Multi-domain data exchange between MCAD, ECAD, and CFD software at the early system design concept stage is therefore crucial. Integration and system-level exploits, if left for the later stages, can result in design iterations. These will in turn drive up costs and increase time to market.
For example, the power converter and the electric motor can be optimized separately. A converter/electromagnetic optimization will reduce the converter/motor volume and/or mass to meet the electrical constraints. However, after system integration, the components may fail to meet other requirements such as those for noise, manufacturability, and integration. Even an optimized off-the-shelf solution will only be valid for a certain application and may not relate to other applications. This means that high-performance drives should be analyzed as complete solutions, not only at the component level.
To reduce time to market and cost, both a fast and reasonably accurate system-level analysis and detailed component-level models are necessary. They empower your team in undertaking component design engineering that accounts for upstream system-level implications. Such seamless component to system-level simulation allows companies to explore and exploit potential trade-offs in highly interdependent EV system and vehicle design, reduce design cycles, and ensure the final product is fully optimized.
The electrical distribution system is the third heaviest system in a vehicle, after the chassis and powertrain. Reducing its mass contributes significantly to overall vehicle weight targets. Managing the physical size and mass to conduct high currents is one of the more significant challenges facing the design of EV connectors and cables.
One example that OEMs are considering is the removal and/or reduction of high voltage (HV) cable shielding to optimize weight and packaging. One way of achieving this is to manage electromagnetic interference via integrations with tools that analyze the high and low frequency emissions from sources such as HV cables, the battery management system, and power electronics. Evaluating and optimizing cable and harness routing requires tools that are tightly integrated with 3D CAD.
Finally, analyzing the optimal startup/shutdown sequencing of the HV system is now an important consideration. An example of why is the need to support analysis of the HV electrical system capacitance to calculate the correct timing for the system to self-check for welded HV contactors (all EVs run this test on either startup and/or shutdown of the HV system). It is normally a functional safety-driven mitigation action. Also critical is getting confirmation that only the required components in the HV system are woken for the appropriate vehicle modes (e.g., charging mode vs. driving mode).
The Capital portfolio
The Siemens Capital product portfolio supports the electrical systems and network domains. Using a model-based design paradigm, the software can define system architectures and, applying in-built metrics and design rule checks, compare and contrast multiple architectural options to ensure the platform design meets the original intent.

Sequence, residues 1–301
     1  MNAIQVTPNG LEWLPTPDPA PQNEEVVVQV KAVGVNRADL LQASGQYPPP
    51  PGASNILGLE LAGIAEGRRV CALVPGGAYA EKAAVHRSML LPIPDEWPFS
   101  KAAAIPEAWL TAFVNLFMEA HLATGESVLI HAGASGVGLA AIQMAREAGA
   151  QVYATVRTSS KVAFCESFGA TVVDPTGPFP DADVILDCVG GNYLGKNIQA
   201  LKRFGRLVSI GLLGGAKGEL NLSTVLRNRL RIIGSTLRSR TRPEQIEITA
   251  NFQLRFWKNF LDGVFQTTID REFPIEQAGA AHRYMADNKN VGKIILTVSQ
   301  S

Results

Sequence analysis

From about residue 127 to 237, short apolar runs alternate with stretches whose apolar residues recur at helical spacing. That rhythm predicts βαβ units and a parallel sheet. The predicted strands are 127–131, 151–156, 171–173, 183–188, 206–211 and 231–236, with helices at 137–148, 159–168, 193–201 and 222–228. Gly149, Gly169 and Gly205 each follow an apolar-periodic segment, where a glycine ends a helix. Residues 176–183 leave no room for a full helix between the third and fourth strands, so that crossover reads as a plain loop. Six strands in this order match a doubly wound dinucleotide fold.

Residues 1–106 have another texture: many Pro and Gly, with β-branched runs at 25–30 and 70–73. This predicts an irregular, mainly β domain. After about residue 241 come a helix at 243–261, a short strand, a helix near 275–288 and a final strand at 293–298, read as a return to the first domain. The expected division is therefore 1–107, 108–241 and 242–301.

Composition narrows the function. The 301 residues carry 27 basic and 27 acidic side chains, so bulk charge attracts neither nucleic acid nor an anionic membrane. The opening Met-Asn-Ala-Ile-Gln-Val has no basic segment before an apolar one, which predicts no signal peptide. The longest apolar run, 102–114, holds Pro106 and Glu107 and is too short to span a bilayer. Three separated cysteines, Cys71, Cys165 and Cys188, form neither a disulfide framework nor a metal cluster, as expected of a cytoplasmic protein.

The tools automatically integrate the electrical systems to be incorporated into a representative topological layout of the vehicle. Systems devices are automatically placed and interconnected, and the entire wiring system is automatically generated using rules and constraints that are embedded into the software. Design tasks that took months can now be completed in hours or days with the designs being verified as they are created. Data can be reused across vehicle programs and in downstream manufacturing and service processes.
Siemens EV engineering solutions portfolio enables auto OEMs and key players in the supply chain to develop market-desired vehicles for various segments faster and more profitably. Developing EVs with ranges of more than 200 miles, with fast charge capabilities, in multiple design variants, and for different markets at the same cost of ownership as ICE/diesel vehicles requires innovations and engineering efficiency that has been hitherto unheard of in the automotive industry. At the same time, there can be no compromise on safety, reliability, and quality. For EV development and engineering, various domains (electrical, mechanical, thermal, software and controls) that had either no for few interactions in ICE and diesel vehicles have become strong co-dependent.
Through its domain-specific simulation software offerings underpinned by lifecycle management framework for digital and design continuity from requirements to manufacturing, Siemens offers a digital-twin framework for EV development spanning mechanical, software, electrical engineering, controls, and software domains. With the adoption of Siemens solutions, companies can reduce development time with more accurate and predictable design outcomes, deliver correct-by-construction (data shows 60% less software rework at start of production), lower cost (data shows 40% cost savings in a typical automotive platform), and secure the ability to customize, explore design alternatives as well as adapt to changes easily at every stage of the process.